The following provides an example of a typical Fibre Channel training course offered by SRB Consulting. Training sessions can be customized to client needs. Click for detailed information on specific seminars.
Fibre Channel Training Agenda
PART 1: Fibre Channel Introduction
The course is designed with some intentional repetition. This has proved helpful in improving student retention of the many facets, functions, terms, and protocols that make up the family of Fibre Channel standards.
In the Introduction there is a broad and quick overview of everything that will be covered in more detail through the rest of the class. This serves to assist the student in “imaging the whole” so that later they can be more successful in “executing the details.”
1. Where did the Fibre Channel Standard come from?
Helps the student understand the philosophy of the standards committee participants in developing the new Fibre Channel technology.
Aids the student in understanding the features and performance goals of Fibre Channel by giving them the "big picture" of where Fibre Channel came from and the problem sets it was developed to solve.
2. Fibre Channel use in Commercial and DoD Applications
Fibre Channel is used in both a commercial and avionics environment. There is a great deal of similarity in these environments. First, the function and performance of Fibre Channel that applies to the common interests of these two environments will be covered.
2.1 Basic Terms
Defines the many terms that are used to build the many protocols that are used in implementing a Fibre Channel Domain.
3. Topologies Overview
Fibre Channel officially supports three topologies. Although the details are not given here it is useful to get an introduction at this point so that some of the details of the protocols can be properly placed in a topology context.
3.1 Point to Point
3.2 Arbitrated Loop
3.2.1. Arbitrated Loop Hub
3.2.2. Arbitrated Loop Switch
3.4 Hybrid Topology
PART 2: Fibre Channel Basics
In the “Basics” the details of the primary protocol elements will be discussed.
By the end of the section the student will know how to read a Fibre Channel analyzer trace to debug problems or verify performance and function.
The structure of the section follows the Fibre Channel FC-FS-2 standard by following the levels.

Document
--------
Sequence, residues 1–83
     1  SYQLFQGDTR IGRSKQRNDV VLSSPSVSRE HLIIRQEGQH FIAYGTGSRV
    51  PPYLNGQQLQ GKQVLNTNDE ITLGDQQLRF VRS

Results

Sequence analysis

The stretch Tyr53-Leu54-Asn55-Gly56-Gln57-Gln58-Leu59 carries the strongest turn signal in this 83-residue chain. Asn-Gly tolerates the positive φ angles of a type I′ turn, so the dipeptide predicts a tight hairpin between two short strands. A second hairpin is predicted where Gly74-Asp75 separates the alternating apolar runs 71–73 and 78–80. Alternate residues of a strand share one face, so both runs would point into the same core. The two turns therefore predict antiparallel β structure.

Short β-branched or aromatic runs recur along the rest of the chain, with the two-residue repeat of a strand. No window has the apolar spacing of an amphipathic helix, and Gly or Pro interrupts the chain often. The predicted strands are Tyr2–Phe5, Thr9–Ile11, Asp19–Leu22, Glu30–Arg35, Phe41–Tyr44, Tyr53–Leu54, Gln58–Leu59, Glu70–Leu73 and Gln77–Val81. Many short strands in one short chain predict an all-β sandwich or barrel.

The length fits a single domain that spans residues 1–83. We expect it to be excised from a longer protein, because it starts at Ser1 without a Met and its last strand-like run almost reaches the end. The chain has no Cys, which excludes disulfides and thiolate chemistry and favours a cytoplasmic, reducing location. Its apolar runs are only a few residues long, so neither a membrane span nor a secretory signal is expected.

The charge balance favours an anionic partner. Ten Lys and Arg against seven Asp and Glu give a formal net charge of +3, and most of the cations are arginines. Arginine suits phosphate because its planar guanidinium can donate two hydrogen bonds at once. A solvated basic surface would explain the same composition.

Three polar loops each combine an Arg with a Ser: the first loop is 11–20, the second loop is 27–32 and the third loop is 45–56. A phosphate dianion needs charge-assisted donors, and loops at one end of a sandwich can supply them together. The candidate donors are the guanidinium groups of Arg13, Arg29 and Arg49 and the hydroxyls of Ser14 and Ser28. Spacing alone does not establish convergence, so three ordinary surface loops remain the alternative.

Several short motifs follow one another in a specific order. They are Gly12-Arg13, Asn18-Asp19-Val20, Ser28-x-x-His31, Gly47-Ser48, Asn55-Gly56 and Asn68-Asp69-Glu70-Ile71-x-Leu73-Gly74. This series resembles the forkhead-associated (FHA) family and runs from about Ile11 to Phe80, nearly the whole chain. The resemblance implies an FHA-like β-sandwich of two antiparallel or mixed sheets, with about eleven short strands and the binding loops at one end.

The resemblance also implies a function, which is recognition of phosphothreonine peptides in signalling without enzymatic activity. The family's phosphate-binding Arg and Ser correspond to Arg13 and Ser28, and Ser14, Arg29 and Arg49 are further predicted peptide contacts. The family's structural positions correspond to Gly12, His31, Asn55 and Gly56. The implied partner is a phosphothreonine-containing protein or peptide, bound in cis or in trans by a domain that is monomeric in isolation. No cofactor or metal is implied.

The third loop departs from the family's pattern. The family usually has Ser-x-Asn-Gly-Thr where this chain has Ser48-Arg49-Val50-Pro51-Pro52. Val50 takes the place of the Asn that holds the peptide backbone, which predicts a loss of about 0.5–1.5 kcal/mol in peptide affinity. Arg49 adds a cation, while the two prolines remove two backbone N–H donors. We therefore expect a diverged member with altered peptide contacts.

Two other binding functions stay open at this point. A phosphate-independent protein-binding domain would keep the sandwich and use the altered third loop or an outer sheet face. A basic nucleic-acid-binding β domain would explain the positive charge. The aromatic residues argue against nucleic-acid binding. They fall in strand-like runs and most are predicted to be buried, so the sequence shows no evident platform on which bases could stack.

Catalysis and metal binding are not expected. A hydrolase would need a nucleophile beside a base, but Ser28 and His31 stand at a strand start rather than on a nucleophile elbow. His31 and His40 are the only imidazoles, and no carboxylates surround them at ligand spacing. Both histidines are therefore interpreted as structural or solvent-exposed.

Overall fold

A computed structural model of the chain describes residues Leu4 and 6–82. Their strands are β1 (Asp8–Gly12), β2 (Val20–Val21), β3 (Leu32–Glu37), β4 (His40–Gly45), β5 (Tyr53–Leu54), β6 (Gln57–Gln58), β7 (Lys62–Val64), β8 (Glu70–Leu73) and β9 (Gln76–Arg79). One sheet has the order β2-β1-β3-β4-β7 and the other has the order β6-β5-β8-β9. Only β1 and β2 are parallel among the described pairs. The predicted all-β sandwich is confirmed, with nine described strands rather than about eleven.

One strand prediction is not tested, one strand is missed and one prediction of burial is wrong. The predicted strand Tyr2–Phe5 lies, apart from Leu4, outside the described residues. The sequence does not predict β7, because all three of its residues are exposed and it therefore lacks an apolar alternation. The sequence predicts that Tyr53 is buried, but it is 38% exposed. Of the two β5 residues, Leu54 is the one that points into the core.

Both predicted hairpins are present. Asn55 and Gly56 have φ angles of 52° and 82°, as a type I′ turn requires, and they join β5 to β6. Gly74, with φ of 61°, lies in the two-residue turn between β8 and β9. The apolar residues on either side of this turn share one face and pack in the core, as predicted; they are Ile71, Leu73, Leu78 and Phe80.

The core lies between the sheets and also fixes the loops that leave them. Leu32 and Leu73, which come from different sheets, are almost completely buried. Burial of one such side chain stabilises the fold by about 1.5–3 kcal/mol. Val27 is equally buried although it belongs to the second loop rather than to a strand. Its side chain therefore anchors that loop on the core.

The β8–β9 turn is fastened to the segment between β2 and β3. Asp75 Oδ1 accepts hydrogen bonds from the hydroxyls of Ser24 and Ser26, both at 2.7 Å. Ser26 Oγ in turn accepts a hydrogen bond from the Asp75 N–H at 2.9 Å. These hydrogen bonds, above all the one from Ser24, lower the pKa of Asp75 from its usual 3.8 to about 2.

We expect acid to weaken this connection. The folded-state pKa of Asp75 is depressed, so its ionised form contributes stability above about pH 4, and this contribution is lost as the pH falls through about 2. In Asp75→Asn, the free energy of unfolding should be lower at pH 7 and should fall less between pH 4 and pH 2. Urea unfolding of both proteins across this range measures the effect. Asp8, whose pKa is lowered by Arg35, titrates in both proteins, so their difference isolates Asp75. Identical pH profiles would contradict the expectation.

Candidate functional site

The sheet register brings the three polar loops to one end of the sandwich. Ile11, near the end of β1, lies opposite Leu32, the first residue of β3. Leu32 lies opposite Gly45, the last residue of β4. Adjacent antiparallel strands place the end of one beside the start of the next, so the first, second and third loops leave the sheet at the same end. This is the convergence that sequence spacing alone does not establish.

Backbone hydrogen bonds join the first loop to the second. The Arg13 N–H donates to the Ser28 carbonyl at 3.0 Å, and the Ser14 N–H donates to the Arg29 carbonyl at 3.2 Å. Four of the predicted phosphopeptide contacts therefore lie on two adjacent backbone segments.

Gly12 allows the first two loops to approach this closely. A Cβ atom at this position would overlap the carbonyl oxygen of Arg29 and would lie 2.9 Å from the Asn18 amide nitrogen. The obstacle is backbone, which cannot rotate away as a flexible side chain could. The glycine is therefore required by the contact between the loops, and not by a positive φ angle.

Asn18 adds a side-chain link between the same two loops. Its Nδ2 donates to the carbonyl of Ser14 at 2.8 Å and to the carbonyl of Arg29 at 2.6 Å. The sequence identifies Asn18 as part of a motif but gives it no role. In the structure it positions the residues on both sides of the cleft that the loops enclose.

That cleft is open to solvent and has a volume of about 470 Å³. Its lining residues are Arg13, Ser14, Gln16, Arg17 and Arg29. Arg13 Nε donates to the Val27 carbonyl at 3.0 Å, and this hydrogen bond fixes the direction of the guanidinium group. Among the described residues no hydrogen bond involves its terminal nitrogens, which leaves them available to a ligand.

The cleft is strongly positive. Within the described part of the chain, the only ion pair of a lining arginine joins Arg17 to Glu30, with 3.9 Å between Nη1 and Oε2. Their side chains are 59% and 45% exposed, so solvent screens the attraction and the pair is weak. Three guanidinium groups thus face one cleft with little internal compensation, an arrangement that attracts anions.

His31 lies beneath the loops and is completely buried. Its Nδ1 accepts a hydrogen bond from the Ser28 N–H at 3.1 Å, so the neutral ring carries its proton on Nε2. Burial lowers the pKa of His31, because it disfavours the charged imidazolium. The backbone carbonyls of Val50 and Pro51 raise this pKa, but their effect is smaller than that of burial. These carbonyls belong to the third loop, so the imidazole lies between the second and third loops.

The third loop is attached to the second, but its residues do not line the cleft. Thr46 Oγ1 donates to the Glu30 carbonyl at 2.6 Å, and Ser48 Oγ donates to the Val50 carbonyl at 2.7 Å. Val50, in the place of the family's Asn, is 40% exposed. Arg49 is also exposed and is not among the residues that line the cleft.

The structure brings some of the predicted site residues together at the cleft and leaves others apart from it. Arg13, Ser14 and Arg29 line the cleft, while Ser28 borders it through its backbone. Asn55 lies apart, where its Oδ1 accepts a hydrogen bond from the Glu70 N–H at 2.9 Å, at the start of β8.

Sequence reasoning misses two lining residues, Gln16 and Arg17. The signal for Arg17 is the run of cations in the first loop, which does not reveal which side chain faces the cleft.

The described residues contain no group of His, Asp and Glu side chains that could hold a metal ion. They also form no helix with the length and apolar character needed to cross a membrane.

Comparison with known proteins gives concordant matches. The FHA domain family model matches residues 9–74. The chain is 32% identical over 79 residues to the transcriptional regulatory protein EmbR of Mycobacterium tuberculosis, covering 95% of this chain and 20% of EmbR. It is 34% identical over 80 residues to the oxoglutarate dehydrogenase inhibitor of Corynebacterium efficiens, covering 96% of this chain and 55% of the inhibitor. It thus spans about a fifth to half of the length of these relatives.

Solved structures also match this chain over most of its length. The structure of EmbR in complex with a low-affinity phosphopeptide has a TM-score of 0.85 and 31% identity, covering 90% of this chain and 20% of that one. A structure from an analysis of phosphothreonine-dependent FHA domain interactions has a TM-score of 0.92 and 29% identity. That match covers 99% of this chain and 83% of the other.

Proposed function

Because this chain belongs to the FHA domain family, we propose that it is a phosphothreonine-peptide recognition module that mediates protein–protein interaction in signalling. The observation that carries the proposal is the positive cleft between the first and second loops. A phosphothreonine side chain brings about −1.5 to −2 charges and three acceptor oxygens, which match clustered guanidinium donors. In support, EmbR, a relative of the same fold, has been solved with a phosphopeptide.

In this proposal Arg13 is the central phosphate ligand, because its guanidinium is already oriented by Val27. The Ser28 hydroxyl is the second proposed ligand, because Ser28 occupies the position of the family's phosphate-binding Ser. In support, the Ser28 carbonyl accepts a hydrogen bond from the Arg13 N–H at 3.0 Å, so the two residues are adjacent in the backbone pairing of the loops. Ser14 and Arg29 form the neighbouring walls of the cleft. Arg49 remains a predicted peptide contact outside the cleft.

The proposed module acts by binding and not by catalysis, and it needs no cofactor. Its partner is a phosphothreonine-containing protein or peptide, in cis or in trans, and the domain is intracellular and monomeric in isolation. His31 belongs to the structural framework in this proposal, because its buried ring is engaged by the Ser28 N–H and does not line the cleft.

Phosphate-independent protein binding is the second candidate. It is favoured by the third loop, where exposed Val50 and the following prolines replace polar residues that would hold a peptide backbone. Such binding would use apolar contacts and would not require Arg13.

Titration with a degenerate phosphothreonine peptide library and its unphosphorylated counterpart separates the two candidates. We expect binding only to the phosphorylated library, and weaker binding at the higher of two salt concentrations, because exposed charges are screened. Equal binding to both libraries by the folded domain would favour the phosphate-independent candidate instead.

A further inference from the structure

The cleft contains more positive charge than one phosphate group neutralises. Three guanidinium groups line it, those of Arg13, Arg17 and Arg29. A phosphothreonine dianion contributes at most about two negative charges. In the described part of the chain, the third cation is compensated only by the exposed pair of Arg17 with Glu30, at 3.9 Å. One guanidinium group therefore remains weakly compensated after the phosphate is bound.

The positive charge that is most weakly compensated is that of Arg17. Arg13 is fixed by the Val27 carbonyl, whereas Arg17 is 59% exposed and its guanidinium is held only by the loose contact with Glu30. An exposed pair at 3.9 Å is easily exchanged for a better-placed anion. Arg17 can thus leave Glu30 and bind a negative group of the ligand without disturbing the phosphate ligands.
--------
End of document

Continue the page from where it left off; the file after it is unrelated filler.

1. FC-0 Physical level Summary
The FC-0 level is the least covered level because of the uniqueness of every application; in the avionics environment as well as the nature of the “living standard” being that the physical layer is constantly changing to meet real-world requirements.
The basics of the physical layer that do not change from application to application are covered.
The student will be able to identify the Fibre Channel legal speeds; media types, and the path and transformations the data must go through during an end-to-end connection.
2. FC-1 Encoding/Decoding
The student will learn the requirements that made data transformation/encoding necessary.
The student will learn the exact method in which data is encoded onto a Fibre Channel link.
The student will learn the value of Ordered Sets and their use in Fibre Channel basic protocols.
2.1 8b/10b Encoding/Decoding
2.2 Fundamentals of Ordered Sets
3. FC-2 Framing Protocol
The student will learn about every bit that is necessary and sufficient for controlling end-to-end communication.
The student will learn how to read an analyzer trace.
3.1 Information Transfer Structure
3.1.1. Exchanges and Sequences
3.1.2. Frame Definition
3.1.3. Flow Control
4. FC-3 Common Services
There are no Common Services defined and none discussed in the current class. This item serves as a placeholder for future work being done in the Fibre Channel Standards Committee.
5. FC-4 Upper Level Mapping to Fibre Channel
The means of mapping an upper-level-protocol to Fibre Channel are discussed. First, in theory and then by using a current avionics protocol as an example.
The student will have the necessary background to perform their own mapping of a unique FC-4 upper-level-protocol of their own devising to Fibre Channel.
PART 3: Topologies
This takes a detailed view of the various topologies. In particular the loop protocol is covered so that the student will know exactly how every loop related protocol is accomplished and they will be able to spot wrong and right implementations.
1. Arbitrated Loop Specific Protocols
101 Loop Access Fairness and Arbitration Protocol
1.2. Open and Close Loop Protocols
1.3. BB_Credit Model Flow Control for Loops
2. Fabric Switched Topology
A brief introduction to how the commercial switching environment works and the differences in how the avionics switching environments work.
PART 4: FC-4 Support
This section covers the details of the various protocols used in current avionics implementations.
No program specific avionics data is given. All discussions are related to the various Technical Reports that have been developed by the FC-AE subgroup in the T11 Fibre Channel standards group.
1. Avionics Data Transport Protocols
1.1. Anonymous Publisher/Subscriber (ASM)
1.2. HS 1760
1.3. 1553 Encapsulation
1.4. FC-AE RDMA
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